a1 Institute of Antarctic and Southern Ocean studies, University of Tasmania, Box 252-77, Hobart 7001, Tasmania, Australia
a2 Marine and Atmospheric Research, CSIRO, Hobart 7001, Tasmania, Australia
Microphytobenthos need photoadaptive strategies to survive the highly dynamic light environment in which they reside. Xanthophyll pigments can provide photoprotection by cycling electrons between epoxide and de-epoxide forms, dissipating excess light energy as heat. This study examined the xanthophyll cycle in microphytobenthos on a tidally exposed substrate at Browns River, Tasmania. Fv/Fm decreased from 0.52±0.01 to 0.47±0.01 at noon in surface samples and a decrease in the diadinoxanthin:chlorophyll-a ratio from 0.022±0.003 to 0.015±0.005 also suggests that the microphytobenthos was under physiological stress at noon. The results indicate that the cells exposed to light at the surface migrated deeper into the sediments and replenished the epoxide form of their xanthophylls. The results suggest that micrphytobenthos utilizes both behavioural and physiological strategies to survive in the dynamic intertidal environment.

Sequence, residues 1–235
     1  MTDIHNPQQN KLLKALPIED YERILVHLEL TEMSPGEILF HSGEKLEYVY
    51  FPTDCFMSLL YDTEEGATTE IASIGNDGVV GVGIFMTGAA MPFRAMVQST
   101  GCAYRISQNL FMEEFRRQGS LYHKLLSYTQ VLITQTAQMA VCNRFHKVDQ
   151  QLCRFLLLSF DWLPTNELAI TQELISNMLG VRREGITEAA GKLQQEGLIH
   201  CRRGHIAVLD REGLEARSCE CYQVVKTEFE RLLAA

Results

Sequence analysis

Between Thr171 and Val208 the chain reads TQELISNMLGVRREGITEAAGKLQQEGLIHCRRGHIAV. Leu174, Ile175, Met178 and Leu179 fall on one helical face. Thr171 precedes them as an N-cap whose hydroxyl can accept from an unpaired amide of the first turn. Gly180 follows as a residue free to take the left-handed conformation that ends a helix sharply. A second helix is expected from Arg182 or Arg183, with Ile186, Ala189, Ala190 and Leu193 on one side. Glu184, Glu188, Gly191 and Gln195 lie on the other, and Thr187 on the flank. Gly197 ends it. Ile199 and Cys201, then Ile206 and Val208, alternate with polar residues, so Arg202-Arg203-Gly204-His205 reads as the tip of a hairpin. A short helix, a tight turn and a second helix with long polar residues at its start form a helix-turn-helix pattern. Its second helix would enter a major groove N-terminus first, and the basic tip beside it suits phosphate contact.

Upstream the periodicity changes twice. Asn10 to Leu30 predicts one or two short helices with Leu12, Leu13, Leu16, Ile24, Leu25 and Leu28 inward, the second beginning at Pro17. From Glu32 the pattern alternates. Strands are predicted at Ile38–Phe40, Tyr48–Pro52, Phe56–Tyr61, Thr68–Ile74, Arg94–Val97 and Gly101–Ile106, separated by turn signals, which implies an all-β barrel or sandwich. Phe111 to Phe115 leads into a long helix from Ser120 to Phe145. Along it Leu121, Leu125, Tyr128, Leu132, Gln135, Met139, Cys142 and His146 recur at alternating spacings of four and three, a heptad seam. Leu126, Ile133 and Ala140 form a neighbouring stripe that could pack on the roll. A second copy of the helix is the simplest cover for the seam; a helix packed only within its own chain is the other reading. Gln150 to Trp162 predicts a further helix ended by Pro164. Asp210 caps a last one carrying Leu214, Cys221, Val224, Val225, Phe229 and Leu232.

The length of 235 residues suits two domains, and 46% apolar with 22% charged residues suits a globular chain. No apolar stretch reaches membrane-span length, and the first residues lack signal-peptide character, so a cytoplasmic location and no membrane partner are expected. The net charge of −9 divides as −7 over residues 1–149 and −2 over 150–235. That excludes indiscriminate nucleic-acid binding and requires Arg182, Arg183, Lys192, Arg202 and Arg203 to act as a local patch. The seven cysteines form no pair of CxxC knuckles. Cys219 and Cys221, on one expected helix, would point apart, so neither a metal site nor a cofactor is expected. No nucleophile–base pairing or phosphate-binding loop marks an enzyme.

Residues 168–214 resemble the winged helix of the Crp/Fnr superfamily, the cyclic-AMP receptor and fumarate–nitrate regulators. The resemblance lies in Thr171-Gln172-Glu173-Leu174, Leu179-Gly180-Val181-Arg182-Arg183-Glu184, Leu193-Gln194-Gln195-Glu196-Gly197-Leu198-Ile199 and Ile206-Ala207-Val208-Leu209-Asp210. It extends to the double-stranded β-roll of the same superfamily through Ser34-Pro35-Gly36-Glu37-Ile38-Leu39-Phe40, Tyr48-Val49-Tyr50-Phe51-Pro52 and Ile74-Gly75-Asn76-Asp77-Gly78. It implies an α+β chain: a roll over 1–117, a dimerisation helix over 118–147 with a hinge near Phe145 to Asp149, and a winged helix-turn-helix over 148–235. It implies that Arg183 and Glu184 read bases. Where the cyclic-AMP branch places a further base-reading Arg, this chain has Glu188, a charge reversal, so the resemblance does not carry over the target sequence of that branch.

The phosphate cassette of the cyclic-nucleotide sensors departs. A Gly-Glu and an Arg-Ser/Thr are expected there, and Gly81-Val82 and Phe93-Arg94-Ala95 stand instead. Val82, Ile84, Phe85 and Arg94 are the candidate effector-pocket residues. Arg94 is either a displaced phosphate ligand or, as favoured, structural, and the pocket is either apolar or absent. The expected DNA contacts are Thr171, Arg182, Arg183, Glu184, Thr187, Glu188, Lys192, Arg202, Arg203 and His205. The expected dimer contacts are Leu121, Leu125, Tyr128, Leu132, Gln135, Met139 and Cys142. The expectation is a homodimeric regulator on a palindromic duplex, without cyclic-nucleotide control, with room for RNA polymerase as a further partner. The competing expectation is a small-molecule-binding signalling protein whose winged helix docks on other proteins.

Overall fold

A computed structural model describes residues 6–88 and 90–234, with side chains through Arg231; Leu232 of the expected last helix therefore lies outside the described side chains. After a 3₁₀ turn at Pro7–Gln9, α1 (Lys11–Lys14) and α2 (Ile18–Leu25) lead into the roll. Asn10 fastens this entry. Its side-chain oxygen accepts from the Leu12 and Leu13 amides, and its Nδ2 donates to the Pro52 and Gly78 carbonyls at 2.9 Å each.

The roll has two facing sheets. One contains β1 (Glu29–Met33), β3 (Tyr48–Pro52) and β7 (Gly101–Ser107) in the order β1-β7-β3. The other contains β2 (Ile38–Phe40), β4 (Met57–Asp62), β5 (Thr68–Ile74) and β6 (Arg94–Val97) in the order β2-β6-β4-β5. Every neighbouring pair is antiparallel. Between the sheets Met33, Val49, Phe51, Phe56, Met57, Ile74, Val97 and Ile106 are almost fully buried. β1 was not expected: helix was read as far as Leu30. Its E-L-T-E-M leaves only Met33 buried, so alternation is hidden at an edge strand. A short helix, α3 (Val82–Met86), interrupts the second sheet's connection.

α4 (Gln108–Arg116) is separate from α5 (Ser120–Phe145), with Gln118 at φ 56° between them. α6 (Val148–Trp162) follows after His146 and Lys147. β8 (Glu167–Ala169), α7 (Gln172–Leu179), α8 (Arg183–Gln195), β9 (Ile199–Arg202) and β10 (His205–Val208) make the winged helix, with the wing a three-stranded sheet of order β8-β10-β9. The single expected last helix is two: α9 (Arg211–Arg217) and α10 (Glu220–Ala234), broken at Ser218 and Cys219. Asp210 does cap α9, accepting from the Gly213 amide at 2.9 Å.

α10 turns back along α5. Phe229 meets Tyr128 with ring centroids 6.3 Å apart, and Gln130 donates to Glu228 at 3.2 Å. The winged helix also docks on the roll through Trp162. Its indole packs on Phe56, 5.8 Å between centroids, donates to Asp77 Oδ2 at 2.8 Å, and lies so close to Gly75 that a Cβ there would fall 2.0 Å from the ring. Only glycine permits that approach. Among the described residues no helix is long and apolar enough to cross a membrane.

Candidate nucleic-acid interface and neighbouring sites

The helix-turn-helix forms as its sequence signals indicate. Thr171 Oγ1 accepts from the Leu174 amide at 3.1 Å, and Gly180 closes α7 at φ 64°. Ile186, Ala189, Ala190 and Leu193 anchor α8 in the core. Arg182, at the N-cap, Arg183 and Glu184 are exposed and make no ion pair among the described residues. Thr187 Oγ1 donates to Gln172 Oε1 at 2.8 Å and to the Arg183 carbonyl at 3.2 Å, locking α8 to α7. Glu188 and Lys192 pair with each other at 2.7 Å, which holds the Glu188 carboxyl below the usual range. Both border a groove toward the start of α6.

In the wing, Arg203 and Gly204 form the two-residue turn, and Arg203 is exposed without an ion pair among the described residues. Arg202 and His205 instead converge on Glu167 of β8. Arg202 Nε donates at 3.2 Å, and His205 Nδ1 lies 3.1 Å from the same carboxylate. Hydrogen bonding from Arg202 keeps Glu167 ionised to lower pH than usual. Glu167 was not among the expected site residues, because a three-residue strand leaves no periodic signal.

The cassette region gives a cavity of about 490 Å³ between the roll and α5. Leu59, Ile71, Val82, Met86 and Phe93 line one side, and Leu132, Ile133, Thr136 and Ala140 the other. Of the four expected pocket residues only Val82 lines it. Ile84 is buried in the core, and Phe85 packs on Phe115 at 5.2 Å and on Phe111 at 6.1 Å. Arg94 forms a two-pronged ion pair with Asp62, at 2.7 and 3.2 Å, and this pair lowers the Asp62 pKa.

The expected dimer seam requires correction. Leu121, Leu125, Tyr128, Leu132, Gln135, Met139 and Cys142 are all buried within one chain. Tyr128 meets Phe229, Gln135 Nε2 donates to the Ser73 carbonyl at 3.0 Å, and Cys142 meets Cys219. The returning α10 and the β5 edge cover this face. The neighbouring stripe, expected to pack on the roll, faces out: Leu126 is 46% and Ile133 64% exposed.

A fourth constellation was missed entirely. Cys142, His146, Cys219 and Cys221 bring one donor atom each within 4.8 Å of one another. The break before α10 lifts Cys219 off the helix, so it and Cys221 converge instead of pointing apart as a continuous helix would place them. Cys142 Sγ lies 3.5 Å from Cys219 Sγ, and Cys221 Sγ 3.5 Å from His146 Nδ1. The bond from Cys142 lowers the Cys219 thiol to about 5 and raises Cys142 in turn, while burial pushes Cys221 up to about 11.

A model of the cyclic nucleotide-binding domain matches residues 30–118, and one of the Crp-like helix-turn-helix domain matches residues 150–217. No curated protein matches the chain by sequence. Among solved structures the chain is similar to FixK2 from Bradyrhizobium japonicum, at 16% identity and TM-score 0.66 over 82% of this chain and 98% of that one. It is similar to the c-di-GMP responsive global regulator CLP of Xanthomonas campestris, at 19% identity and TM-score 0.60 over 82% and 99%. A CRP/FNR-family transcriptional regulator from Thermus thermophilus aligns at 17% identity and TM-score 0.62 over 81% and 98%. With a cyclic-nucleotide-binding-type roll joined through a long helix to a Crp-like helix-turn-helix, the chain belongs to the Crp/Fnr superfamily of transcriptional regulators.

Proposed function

(Received February 17 2009)
(Accepted July 08 2009)
(Online publication October 21 2009)
c1 Correspondence should be addressed to: Andrew McMinn, Institute of Antarctic and Southern Ocean studies, University of Tasmania, Box 252-77, Hobart 7001, Tasmania, Australia email: Andrew.McMinn@utas.edu.au